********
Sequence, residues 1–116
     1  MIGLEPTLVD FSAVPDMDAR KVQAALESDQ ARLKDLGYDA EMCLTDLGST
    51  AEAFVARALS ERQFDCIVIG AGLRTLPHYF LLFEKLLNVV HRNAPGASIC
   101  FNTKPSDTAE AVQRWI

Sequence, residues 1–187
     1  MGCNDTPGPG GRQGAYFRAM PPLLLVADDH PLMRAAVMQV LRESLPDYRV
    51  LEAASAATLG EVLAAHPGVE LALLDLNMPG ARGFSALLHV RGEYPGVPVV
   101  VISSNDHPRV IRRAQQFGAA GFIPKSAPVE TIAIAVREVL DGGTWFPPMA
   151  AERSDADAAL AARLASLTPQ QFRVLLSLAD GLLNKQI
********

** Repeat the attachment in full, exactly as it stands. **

Sequence, residues 1–116
     1  MIGLEPTLVD FSAVPDMDAR KVQAALESDQ ARLKDLGYDA EMCLTDLGST
    51  AEAFVARALS ERQFDCIVIG AGLRTLPHYF LLFEKLLNVV HRNAPGASIC
   101  FNTKPSDTAE AVQRWI

Sequence, residues 1–187
     1  MGCNDTPGPG GRQGAYFRAM PPLLLVADDH PLMRAAVMQV LRESLPDYRV
    51  LEAASAATLG EVLAAHPGVE LALLDLNMPG ARGFSALLHV RGEYPGVPVV
   101  VISSNDHPRV IRRAQQFGAA GFIPKSAPVE TIAIAVREVL DGGTWFPPMA
   151  AERSDADAAL AARLASLTPQ QFRVLLSLAD GLLNKQI